Home → Fish & Wildlife → Fisheries → Species Information → Brown Trout
Common Name: Brown Trout
Other Names: German Brown Trout, Brownie
Scientific Name: Salmo trutta
Adult Size: Normal size is 14-20 inches and 1-2 pounds. Browns occasionally reach 10 pounds.
Identification: Usually coloration is light brown or tawny with pronounced black spots on the back, sides and head. Spots are often surrounded with reddish halo, along with reddish spots on the sides. Color is highly variable and browns are occasionally confused with landlocked salmon.
Diet: Brown trout are opportunistic feeders and their diet includes a variety of insects, fishes, crayfish, mollusks, and even small mammals.
Fishing tips: Brown and rainbow trout prefer cool water and are found in water temperatures between 55 and 68 degrees — a wider range than most other coldwater fish can handle.
Opportunistic and aggressive feeders, they may be found close to bottom or suspended off the bottom depending on where food is located, and are likely to attack a flashy lure, minnows, or worms.
In the spring and fall, brown and rainbow trout can be caught close to shore casting with dry flies, streamers, and bright spinners and spoons. Another successful method in spring time is still fishing with worms or minnows.
In the summer, trolling, casting, and still fishing are all popular and effective ways to catch this species.
Successful methods used while ice fishing include the use of traps or jigging in water that is relatively shallow (under 15 feet) with the target depth being close to or on the bottom. If you are fishing traps and getting a lot of hit-and-run activity, then try smaller minnows or other forms of bait like worms or salmon eggs. Jigging is typically far more effective than traps when targeting brown trout.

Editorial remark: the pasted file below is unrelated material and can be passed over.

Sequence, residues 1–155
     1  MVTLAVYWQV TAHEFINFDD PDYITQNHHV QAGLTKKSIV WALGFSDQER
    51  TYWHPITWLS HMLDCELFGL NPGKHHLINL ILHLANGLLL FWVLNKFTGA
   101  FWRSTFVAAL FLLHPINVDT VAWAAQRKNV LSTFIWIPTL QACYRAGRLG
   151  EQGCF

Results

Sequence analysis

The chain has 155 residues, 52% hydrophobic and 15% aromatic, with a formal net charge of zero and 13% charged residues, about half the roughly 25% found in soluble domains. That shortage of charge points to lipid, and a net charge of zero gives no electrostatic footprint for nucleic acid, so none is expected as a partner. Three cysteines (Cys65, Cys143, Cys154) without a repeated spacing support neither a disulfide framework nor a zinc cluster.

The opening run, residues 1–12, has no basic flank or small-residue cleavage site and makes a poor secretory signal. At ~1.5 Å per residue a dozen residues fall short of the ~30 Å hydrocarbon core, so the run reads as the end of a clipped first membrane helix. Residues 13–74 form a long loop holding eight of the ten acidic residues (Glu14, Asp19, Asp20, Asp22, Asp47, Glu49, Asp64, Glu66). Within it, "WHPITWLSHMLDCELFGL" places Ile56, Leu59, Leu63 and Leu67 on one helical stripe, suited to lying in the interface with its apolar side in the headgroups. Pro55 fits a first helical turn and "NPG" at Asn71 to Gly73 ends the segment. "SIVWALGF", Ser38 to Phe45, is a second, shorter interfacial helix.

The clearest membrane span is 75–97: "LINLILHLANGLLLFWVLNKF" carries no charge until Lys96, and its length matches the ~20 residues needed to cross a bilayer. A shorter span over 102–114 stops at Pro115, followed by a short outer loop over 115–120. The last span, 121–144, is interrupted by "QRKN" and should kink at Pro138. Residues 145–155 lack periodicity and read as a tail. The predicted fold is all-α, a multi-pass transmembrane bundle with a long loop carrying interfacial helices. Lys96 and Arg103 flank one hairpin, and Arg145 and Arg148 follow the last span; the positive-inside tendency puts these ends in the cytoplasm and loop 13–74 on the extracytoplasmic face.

Interesting facts: Of all the sportfish in the state, brown trout are likely the most difficult to catch for Maine anglers. One characteristic that contributes to these low catch rates is that brown trout becoming increasingly nocturnal (active at night) during spring and even more so during the summer months.
Under favorable environmental conditions (e.g. available year-round forage, low competition/predation, suitable water quality) brown trout can live in the wild for 10 or more years. They are typically longer-lived than brook trout, rainbow trout, and landlocked salmon.
Management: Brown trout are native to Europe, North Africa, and western Asia, but they are now present on every continent (except Antarctica) due to their recreational angling appeal. Brown trout eggs were first shipped to the United States in 1883 and established in Maine fish hatcheries in 1885.
The Department’s stocking guidelines endorse brown trout stocking in waters that are unable to support high-quality fisheries for Maine’s native salmonids, namely brook trout and landlocked salmon. Typically, these are mesotrophic waters characterized by marginal summer water quality (i.e. limited volume of cool, oxygenated water), high levels of competition and predation, reduced forage availability, and inadequate spawning and nursery habitat. While these guidelines ensure protection to our native trout and salmon, they limit the number of quality waters where brown trout are stocked.
In 2020, MDIFW completed a multi-year field and hatchery study to evaluate the performance of three strains of brown trout – New Gloucester, Sandwich River, and Seeforellen. The Seeforellen strain outperformed the other two in both the field and hatchery components of the study. Specifically, in the field evaluation, the Seeforellen strain was the clear-cut winner in terms of genetic integrity, post-stocking growth and survival, and angler harvest. As a result, the Seeforellen was selected as the lone brown trout strain to be used in the MDIFW hatchery system moving forward.
The physical appearance of the Seeforellen (silver with dark spots) looks much different than the strain used almost exclusively over the past several decades in Maine waters – the New Gloucester (brown/yellow with black, red, and brown spotting). Understandably, recent brown trout stockings have caused confusion, as the Seeforellen strain looks very much like a landlocked salmon. While there are a few ways to physically differentiate the two (e.g. vomerine teeth arrangement, caudal fin appearance, size of adipose, fin clip presence/absence, etc.) the best way to tell which species you’ve caught might just be to peruse the state’s stocking report.